The TrueCrypt website has some detailed information on how to backup (TrueCrypt non-system volumes) securely, summarised below:

  1. Create a new TrueCrypt volume
  2. Mount the main volume.
  3. Copy all files from the mounted main volume directly to the mounted backup volume.

My question is: Why is this necessary? Why not simply copy the encrypted TrueCrypt container file to your backup service/device? According to step 5 of the TrueCrypt tutorial, this container is a normal file that can be copied, moved, etc.

Surely copying this encrypted file to a possibly insecure backup medium is the simplest and most secure way to backup?

What advantages could there be to the method mentioned on the TrueCrypt website? It mentions at the start about files in the volume possibly becoming corrupted - is that relevant? In this case I'm not interested in hidden volumes or plausible deniability.

  • James, please see some of the comments on the accepted (but dangerously incorrect) answer.
    – forest
    May 22, 2018 at 4:50
  • Thanks, I've seen your comment. You may be right, I'm not qualified to say - which is why I asked this question in the first place. Unless there's a consensus of opinion such as a well up-voted alternative answer, I'm not going to change my accepted answer. May 23, 2018 at 5:44

4 Answers 4


Backing up the TrueCrypt container means that you'll end with a timeline of your encrypted volume, and all of those versions share the same key. Having different versions of the container with the same key gives the adversary two advantages:

  • Information leakage: The adversary will know which sectors of the volume changed.
  • and, as a consequence, a compromise of the plausible deniability in case you have a hidden volume inside that volume.

In the real world, however, the case is quite different. If you don't have a hidden volume or you don't care about the adversary knowing about your hidden volume, then having some backups of the volume isn't really an issue. The cryptographic concerns (cryptanalysis) are, so far, only theoretical.

  • Thanks. It's good to know that TrueCrypt are so thorough with their advice and thinking ahead about potential attacks. I think in this case copying the encrypted file seems reasonable. Nov 12, 2013 at 11:43
  • I remember reading that having multiple versions of an encrypted container with the same key would give rise to possible cryptanalysis attacks. Was this any true ?
    – Wadih M.
    Dec 23, 2015 at 2:04
  • 1
    @WadihM. It's not that easy to answer, really. TrueCrypt uses XTS mode for the block ciphers. You see, XTS is pretty much ECB in that each block is independently encrypted (but with some "tweaks"). Patterns of empty space are quite easy to spot with XTS, and with enough backup samples it's possible to detect more patterns. There isn't much public work done on this, so it's hard to say. My original answer still applies; yes, it's possible, but there's nothing tangible yet.. it's only "pre-theoretical".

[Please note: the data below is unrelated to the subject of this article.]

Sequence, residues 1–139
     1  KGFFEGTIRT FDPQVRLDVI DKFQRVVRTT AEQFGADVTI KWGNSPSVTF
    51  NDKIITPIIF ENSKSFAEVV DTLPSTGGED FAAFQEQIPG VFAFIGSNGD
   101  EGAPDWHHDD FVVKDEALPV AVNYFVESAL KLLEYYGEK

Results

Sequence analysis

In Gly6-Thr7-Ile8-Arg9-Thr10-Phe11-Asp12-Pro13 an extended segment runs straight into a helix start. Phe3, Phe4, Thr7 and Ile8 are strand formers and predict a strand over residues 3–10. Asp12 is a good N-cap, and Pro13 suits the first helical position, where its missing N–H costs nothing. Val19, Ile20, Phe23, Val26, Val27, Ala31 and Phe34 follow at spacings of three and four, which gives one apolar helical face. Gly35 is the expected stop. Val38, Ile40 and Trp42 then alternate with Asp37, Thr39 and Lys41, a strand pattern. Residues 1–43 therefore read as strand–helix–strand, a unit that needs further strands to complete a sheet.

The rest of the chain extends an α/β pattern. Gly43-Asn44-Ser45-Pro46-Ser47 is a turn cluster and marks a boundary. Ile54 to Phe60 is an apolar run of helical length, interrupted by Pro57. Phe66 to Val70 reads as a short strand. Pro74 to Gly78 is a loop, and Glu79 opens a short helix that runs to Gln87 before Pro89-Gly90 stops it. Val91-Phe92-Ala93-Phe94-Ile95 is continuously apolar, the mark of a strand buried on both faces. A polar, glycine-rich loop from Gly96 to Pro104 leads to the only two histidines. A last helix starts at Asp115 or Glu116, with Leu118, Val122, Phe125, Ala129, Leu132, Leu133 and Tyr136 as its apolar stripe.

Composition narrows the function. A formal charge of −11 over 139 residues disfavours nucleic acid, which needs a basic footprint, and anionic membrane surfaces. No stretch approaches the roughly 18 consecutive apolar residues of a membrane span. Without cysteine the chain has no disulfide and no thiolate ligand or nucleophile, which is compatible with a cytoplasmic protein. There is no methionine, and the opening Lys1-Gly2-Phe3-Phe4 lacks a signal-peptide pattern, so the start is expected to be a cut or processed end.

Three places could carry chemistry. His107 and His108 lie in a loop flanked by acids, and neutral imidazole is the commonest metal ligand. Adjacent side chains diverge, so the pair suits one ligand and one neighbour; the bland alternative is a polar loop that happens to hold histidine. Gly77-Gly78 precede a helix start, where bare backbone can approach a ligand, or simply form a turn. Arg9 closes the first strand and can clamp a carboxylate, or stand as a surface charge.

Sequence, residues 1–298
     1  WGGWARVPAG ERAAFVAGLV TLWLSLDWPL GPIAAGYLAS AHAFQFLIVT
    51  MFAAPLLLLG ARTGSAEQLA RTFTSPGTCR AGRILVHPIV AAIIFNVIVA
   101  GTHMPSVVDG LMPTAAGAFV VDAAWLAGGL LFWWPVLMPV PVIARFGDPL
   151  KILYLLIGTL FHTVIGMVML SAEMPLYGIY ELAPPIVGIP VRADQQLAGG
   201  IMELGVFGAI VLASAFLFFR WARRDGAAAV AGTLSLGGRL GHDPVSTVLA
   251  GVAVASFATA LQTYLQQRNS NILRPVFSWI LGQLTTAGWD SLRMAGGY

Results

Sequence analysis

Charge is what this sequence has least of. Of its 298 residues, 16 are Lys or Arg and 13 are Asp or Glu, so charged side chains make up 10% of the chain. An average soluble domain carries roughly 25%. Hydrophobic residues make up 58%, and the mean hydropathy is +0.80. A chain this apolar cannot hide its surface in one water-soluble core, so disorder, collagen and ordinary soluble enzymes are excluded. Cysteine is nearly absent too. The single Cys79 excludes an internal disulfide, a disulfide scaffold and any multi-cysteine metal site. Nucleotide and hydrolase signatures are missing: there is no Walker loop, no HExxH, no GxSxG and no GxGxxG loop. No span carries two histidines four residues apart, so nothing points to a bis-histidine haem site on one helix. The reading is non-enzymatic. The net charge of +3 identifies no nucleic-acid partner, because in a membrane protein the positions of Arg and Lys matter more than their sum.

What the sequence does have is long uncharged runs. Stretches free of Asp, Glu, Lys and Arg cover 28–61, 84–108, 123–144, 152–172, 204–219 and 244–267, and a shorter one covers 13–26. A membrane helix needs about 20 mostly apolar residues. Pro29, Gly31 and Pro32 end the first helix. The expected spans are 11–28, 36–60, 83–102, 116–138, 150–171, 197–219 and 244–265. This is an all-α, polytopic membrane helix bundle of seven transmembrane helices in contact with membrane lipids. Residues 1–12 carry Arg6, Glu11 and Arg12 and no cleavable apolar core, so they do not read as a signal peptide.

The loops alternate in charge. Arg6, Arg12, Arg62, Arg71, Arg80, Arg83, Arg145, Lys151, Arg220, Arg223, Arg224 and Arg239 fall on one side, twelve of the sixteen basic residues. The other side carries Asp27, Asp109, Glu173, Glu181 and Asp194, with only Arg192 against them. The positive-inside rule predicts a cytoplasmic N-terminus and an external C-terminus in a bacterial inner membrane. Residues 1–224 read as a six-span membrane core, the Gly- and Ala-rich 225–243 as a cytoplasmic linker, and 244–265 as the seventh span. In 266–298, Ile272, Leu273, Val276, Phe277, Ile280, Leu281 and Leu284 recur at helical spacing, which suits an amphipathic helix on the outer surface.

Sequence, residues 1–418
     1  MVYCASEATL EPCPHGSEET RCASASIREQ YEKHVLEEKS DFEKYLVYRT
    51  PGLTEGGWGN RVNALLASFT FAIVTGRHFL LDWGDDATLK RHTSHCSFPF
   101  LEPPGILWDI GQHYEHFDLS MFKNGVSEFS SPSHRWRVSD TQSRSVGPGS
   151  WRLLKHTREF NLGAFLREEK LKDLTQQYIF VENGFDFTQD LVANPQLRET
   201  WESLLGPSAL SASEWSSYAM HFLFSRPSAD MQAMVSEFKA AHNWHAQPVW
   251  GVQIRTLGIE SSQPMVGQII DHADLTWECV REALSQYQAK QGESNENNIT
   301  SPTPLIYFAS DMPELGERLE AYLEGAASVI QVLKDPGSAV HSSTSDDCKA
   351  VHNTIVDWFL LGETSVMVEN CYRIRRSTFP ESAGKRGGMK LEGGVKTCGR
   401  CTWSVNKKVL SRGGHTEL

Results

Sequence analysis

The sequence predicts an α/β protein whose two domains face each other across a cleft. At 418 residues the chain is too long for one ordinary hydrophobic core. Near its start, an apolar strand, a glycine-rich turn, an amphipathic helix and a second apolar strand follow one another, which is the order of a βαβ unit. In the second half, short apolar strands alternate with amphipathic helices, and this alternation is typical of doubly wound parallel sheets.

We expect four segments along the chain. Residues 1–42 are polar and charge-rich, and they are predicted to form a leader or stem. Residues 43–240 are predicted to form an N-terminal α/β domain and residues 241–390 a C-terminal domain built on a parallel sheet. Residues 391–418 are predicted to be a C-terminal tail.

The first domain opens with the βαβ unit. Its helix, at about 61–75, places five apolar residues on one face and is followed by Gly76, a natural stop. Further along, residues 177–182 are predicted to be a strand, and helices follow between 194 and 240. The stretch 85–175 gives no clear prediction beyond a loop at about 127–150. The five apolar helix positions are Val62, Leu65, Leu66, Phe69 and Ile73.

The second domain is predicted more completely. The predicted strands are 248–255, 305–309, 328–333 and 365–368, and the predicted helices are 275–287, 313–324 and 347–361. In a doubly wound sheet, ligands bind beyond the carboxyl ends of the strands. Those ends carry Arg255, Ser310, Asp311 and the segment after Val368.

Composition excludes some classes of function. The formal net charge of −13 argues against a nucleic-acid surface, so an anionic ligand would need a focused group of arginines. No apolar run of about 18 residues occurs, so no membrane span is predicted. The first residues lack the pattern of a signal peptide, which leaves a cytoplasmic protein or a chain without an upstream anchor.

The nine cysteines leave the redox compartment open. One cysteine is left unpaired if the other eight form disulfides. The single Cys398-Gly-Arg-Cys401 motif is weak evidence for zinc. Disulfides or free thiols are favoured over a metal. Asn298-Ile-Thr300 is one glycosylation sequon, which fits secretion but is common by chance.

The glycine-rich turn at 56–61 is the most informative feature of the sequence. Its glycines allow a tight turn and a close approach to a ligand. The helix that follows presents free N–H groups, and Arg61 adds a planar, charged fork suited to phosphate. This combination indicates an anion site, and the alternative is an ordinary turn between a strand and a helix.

– Adi
    Dec 23, 2015 at 2:38
  • -1 because this is incorrect and dangerous advice. It does not just risk revealing a hidden volume, it also reduces security to that of ECB mode. XTS is very, very dangerous when used this way. It is not "just theoretical", much less "pre-theoretical". A basic understanding of XTS or XEX makes it obvious how bad it is if you have access to the changes to a single sector over time.
    – forest
    May 22, 2018 at 4:49

According to TrueCrypt security requirements, there are 2 main concerns regarding volume clones/copies:

  1. Original volume and backups (copies) would use the same key set.
  2. Ability to observe the changes between the backups might aid cryptanalysis if the attacker has access to the backups.

Another way to address this issue would be to copy the container file and encrypt it eg. with openssl before backing it up. For subsequent backups you should use different keys/passwords for backup encryption.

It would be fairly easy to develop a scheme for rule-based key/password generation. Thus, you would rely on a recording passwords. This would make the revovery process much safer.

In my view, this would be easier/more comfortable then the approach the trueCrypt manual outlines.


Another considerable advantage is speed. If you have a large TrueCrypt container that is not full, your backup only needs to copy the bytes in use rather than the whole container. Standard tools like rsync or Windows robocopy will only copy files which have been changed, which is typically just a small fraction of your files. If you copy the container, you have to transfer every byte, and you generally have to dismount the drive so you have no access to your files at that time. On my eSATA drive, copying a 25GB container takes 15 minutes, which seems short enough until you start waiting for it.

If you have access separate computer on which to mount the backup container, rsync will transfer the changes securely via ssh, so you could roll your own remote backups.

  • How do you account for the time to create the new backup Truecrypt container, when following the "Create a new TC, mount both, copy files" advice? Feb 25, 2014 at 1:41
  • Personally I would re-use my containers, but even with a fresh volume every time, it all depends on the link speed and the % of the volume used. Creating a TC on a remote computer with a bus connection to its hard drive is much faster than transferring a complete volume over typical wifi or 100BaseT Ethernet. Feb 26, 2014 at 3:34

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